Don't use fescue for wildlife habitat - KAIT-Jonesboro, AR-News, weather, sports

Don't use fescue for wildlife habitat

Posted:
Don't do fescue- if managing your land for wildlife by Ruth Ann Gentry, AGFC Private Lands Biologist

FORT SMITH (AGFC) – Landowners desiring to manage their land for wildlife need to be aware that tall fescue provides no food or cover for species like deer, quail, rabbit, turkey and many other wildlife species and is considered unusable space for wildlife.

The number one problem on many farms today for ground-feeding and ground-nesting wildlife species is the predominance of tall fescue. Simply put, fescue is a poor choice for wildlife habitat. Tall fescue is an extremely competitive plant, which tends to dominate fields where it has been established. Tall fescue is a sod-forming grass with a thick, matted growth form which is extremely limiting to the movement of wildlife such as quail and rabbits. This thick growth often eliminates all other species of plants from growing which creates nearly monocultural fields of fescue. These pure stands of fescue lack the necessary diversity to provide the habitat components that are essential for supporting a variety of wildlife species.

Nearly all stands of tall fescue are infected with a fungus that lives in a mutually beneficial relationship with the fescue. The fungus produces chemicals in the plant, which cause fescue to have toxic qualities. Cattle consuming tall fescue (either by grazing or as hay) often experience poor weight gains, reduced conception rates, intolerance to heat, failure to shed the winter hair coat, elevated body temperature, and loss of hooves. Problems with horses are more severe, often leading to abortion, prolonged gestation, difficulty with birthing, thick placenta, foal deaths, retained placentas, reduced (or no) milk production and death of mares during foaling. Cottontail rabbits had lower weights and smaller litters in tall fescue habitats. As a forage, tall fescue is least preferred by white-tailed deer among cool-season forages. Undoubtedly, many of the toxic effects from tall fescue on wildlife that consume the seed or foliage are unknown.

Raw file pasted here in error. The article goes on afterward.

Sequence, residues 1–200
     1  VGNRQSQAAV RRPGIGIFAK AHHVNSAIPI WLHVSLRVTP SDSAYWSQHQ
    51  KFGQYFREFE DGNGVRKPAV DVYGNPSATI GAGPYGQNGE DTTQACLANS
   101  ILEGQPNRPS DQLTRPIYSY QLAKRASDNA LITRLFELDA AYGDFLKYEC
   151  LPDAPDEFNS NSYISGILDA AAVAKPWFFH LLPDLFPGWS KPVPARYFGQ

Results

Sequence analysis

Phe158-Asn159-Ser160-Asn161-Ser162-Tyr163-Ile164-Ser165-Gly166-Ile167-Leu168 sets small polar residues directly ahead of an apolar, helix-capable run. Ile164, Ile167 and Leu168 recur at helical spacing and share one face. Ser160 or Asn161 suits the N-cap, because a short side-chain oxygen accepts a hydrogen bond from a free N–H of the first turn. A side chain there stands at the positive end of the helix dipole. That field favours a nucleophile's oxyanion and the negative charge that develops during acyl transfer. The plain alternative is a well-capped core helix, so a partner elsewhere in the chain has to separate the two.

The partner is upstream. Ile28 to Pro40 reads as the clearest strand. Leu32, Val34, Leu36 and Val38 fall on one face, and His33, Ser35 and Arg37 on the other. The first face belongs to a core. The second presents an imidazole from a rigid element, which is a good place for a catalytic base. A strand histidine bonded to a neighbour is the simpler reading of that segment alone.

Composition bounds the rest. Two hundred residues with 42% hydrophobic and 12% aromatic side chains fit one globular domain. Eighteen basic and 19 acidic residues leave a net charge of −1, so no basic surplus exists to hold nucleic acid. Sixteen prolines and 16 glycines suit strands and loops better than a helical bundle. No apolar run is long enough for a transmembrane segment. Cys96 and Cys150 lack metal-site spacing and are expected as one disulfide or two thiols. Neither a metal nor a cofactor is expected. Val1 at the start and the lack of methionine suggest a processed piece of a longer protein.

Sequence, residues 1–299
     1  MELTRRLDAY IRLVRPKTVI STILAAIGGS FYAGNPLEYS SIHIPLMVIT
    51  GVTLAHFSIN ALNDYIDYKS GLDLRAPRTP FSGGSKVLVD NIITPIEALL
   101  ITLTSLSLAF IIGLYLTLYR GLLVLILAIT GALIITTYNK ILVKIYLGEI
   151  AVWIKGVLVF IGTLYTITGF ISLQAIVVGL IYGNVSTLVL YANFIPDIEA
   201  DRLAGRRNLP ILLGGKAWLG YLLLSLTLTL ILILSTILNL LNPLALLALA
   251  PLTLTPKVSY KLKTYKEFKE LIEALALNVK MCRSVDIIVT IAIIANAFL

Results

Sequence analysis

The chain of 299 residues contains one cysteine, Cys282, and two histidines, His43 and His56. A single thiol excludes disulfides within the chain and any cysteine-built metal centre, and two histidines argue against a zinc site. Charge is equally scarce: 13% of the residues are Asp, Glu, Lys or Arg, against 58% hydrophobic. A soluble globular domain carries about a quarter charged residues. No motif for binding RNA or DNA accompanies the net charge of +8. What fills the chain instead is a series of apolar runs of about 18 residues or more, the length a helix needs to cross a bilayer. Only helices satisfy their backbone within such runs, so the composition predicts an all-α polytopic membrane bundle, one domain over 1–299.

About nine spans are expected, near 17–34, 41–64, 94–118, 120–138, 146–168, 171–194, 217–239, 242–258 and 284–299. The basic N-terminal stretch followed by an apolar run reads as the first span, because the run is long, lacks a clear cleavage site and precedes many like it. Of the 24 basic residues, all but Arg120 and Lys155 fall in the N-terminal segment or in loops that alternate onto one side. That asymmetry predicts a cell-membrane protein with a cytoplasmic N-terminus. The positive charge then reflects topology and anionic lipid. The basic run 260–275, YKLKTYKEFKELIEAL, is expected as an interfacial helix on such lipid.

Known problems of tall fescue for wildlife are associated more with the structure created by the growth habit. Dense growth and deep thatch near ground level make travel and foraging difficult for many wildlife species, especially ground birds. The dense growth structure and thatch layer not only prevent birds from picking seed up off the ground, but also prevent wildlife beneficial seeds in the seedbank from germinating. Thus, vegetative diversity and weed seed availability are drastically reduced.

To greatly improve farms for game and other wildlife populations, as well as increase the productivity and efficiency of livestock forage systems, it is recommended that efforts be made to eradicate at least a portion of the fescue in fields and replace it with other wildlife friendly cool season grass/legume and/or native warm season grass/forb mixtures. Incorporating native warm season grasses and forbs into pastures and hayfields can provide drought tolerant forage when the next extreme drought hits the state as was experienced during the summer of 2012. Native warm season grasses have deep root systems which allow them to live through even the worst droughts.

Ranchers with native warm season grasses in their forage system were among the only producers who did not lose their entire forage base this summer in areas severely impacted by the drought. Improving hay and pasture field systems with native warm season grasses and forbs will make farms more compatible with wildlife while providing fresh, succulent, and dependable pasture throughout the growing season.

For more information on eradicating tall fescue and improving your farm for wildlife, contact a Commission private lands biologist at: Fort Smith, 877-478-1043; Harrison, 870-741-8600 extension 114; Hope, 877-777-5580; Calico Rock, 877-297-4331; Little Rock, 877-470-3650; Brinkley, 877-734-4581; Jonesboro, 877-972-5438 and Monticello, 877-367-3559.

 

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